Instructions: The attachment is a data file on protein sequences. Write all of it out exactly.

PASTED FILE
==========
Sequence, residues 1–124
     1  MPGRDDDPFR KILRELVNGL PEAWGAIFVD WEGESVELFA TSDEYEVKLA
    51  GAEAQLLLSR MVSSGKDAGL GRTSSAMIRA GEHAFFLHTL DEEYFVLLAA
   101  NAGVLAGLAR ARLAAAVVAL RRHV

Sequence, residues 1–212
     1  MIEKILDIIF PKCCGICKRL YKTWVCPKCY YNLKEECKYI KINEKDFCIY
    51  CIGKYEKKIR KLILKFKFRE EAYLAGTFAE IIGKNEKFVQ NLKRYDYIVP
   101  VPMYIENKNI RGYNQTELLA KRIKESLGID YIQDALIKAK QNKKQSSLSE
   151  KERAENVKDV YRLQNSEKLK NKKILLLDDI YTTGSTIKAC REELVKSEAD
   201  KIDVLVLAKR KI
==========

Sequence, residues 1–124
     1  MPGRDDDPFR KILRELVNGL PEAWGAIFVD WEGESVELFA TSDEYEVKLA
    51  GAEAQLLLSR MVSSGKDAGL GRTSSAMIRA GEHAFFLHTL DEEYFVLLAA
   101  NAGVLAGLAR ARLAAAVVAL RRHV

Sequence, residues 1–212
     1  MIEKILDIIF PKCCGICKRL YKTWVCPKCY YNLKEECKYI KINEKDFCIY
    51  CIGKYEKKIR KLILKFKFRE EAYLAGTFAE IIGKNEKFVQ NLKRYDYIVP
   101  VPMYIENKNI RGYNQTELLA KRIKESLGID YIQDALIKAK QNKKQSSLSE
   151  KERAENVKDV YRLQNSEKLK NKKILLLDDI YTTGSTIKAC REELVKSEAD
   201  KIDVLVLAKR KI